BAHIR DAR, Ethiopia (Thomson Reuters Foundation) - Early one morning, Aschal Zegeye and her young family heard a knock at the door. Her husband answered it. Shortly after he was dead.
“They took him outside and slaughtered him,” the 25 year-old mother of two told the Thomson Reuters Foundation in a church shelter in the city of Bahir Dar.
With her one year-old baby son on her back, she spoke of the day last October when her husband was murdered by a mob and she and her children were chased from their home.
“They burnt our farm. A group of men beat me with sticks… I ran away into the woods to hide for three days. Then I begged on the streets to get back here.”
Aschal is one of around a million Ethiopians driven from their homes by a land and ethnicity-fuelled crisis that has gripped the Horn of Africa nation for years and escalated in recent months.
Most dramatically, tensions between ethnic Somali and Oromo ethnic groups and conflict along the border separating the two regions led to the displacement of hundreds of thousands last year, most of whom have still not returned home.
The crisis sprawls across Ethiopia, a country of 100 million people hit by anti-government protests that began in 2015 over land rights before broadening into demonstrations against authoritarian rule.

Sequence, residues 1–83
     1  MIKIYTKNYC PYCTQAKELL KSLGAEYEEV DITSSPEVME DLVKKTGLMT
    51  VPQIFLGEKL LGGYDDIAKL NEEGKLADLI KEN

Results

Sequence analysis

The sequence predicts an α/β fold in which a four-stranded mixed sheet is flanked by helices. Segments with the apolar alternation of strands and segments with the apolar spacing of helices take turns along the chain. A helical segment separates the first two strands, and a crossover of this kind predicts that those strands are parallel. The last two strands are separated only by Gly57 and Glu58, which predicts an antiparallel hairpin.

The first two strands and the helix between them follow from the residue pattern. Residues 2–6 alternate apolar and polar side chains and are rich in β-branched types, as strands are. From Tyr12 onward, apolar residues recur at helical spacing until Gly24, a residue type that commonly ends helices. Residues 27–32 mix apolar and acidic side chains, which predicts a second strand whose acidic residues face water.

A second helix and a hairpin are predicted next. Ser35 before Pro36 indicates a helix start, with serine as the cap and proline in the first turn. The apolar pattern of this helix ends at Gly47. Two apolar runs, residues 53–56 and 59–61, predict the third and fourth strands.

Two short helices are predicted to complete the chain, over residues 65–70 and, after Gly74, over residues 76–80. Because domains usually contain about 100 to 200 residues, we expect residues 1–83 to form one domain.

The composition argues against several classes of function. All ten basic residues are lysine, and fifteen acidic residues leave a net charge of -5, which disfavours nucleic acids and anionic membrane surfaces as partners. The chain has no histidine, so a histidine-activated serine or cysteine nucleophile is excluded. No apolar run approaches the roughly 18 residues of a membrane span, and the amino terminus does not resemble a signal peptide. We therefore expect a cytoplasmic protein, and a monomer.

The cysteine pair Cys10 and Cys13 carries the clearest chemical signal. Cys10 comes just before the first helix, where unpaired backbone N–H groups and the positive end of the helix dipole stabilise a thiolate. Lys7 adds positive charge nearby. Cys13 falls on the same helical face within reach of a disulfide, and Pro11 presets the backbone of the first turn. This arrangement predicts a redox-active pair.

It threatens the country’s fragile system of “ethnic federalism”, a constitutional model which offers a degree of self-determination to Ethiopia’s diverse communities but which critics say encourages competition along ethnic lines.
As part of an effort to stabilize the country the ruling Ethiopian Peoples’ Revolutionary Democratic Front (EPRDF) in April appointed Abiy Ahmed, a 42 year-old from the Oromo wing of the ethnically-based coalition as prime minister.
Though the move brought stability to most parts of the country the problem of ethnically-motivated evictions and displacement remains unresolved.
Since taking office Abiy has visited most regions of Ethiopia and has repeatedly called for “unity” between its ethnic groups.
“This has been a tragedy that should never have taken place,” he said of the conflict between Oromia and Somali region during an April visit to Jigjiga, capital of the Somali state.
But critics argue the government has not done enough to prevent the displacement of ethnic groups in Oromia and other parts of the country since April.
Human rights group Amnesty International said earlier this month thousands of displaced Amharas had arrived in Bahir Dar, the capital of Amhara region, from Oromia since October.